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when i came here 32 years ago the two parties looked very different from the way they look now. southern democrats and rockefeller republicans. the diffusion of political ideologies across the aisle made it necessary for the two sides to seek out compromise if the house was going to get its work done. as the parties have realigned over the years, it's becoming harder and harder for the house to advance anything that stands a chance of becoming law exempt noncontroversial measures or must-pass legislation like the defense authorization and spending bills. frankly, again, as i said, it's become harder and harder just to get to know one another. i'm a pretty progress i democrat by most measures. i've always thought it was important to cultivate relationships with my republican colleagues. so we need to try to build cross-party bonds. we need to work together with all members.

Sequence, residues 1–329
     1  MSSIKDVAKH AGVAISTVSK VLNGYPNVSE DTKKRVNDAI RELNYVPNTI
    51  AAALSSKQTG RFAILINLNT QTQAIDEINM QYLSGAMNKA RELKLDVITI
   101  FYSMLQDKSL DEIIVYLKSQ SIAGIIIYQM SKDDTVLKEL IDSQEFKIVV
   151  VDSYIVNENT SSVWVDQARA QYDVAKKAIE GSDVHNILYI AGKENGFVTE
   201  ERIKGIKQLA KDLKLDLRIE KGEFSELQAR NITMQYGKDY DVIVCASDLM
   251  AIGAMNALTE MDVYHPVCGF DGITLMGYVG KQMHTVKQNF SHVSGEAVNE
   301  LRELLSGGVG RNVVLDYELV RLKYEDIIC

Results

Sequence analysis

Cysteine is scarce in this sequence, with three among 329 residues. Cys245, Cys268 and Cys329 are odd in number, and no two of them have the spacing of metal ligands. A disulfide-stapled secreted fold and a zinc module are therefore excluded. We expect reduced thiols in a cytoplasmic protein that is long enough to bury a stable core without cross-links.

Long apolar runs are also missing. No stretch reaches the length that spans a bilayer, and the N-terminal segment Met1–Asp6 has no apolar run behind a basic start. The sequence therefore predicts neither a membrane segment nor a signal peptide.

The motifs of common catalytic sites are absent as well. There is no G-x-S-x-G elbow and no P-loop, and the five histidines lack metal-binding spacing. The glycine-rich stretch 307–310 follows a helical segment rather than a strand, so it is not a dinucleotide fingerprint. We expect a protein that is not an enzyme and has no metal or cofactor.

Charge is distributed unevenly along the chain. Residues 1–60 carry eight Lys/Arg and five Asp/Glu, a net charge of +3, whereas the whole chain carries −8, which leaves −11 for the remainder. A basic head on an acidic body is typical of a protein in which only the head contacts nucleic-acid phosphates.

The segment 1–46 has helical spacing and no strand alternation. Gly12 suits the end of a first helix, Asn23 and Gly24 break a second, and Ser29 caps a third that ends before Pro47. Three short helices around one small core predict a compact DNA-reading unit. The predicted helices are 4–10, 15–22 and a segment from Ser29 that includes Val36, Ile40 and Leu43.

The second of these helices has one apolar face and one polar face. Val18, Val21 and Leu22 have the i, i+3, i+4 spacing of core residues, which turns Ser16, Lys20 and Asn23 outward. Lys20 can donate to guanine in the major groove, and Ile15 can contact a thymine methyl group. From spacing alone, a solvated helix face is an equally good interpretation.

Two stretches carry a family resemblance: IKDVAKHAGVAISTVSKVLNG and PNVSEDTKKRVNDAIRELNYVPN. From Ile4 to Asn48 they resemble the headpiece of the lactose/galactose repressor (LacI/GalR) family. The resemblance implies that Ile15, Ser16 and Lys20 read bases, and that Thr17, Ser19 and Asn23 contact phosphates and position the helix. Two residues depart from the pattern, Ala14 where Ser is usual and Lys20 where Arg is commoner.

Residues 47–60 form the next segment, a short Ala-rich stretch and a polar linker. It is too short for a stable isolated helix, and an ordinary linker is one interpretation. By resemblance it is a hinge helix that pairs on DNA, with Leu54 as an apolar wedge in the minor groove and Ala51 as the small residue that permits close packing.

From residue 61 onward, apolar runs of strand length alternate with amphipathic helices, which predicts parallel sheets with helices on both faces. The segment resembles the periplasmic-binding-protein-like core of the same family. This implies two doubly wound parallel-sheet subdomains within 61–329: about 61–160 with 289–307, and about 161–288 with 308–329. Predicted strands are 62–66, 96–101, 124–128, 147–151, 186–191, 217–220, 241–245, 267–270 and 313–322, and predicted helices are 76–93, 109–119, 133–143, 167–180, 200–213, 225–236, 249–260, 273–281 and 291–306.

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of the house. i may disagree with someone on 95% of policy questions, but if you don't know a person you don't stand a chance of finding the 5% in common and trying to build on it. if you don't know a person, it's so much easier to dismiss his or her motives and that's really where things start to fall apart. . no member of this congress does love america. the best way to improve the people. the american but we all love our country. and i worry that more and more mistrust the other side were saddled with purity tests difficult to build relationships and seek common ground. to resist the urge to let the perfect be the enemy of the good. mean abandoning our principles or losing sight of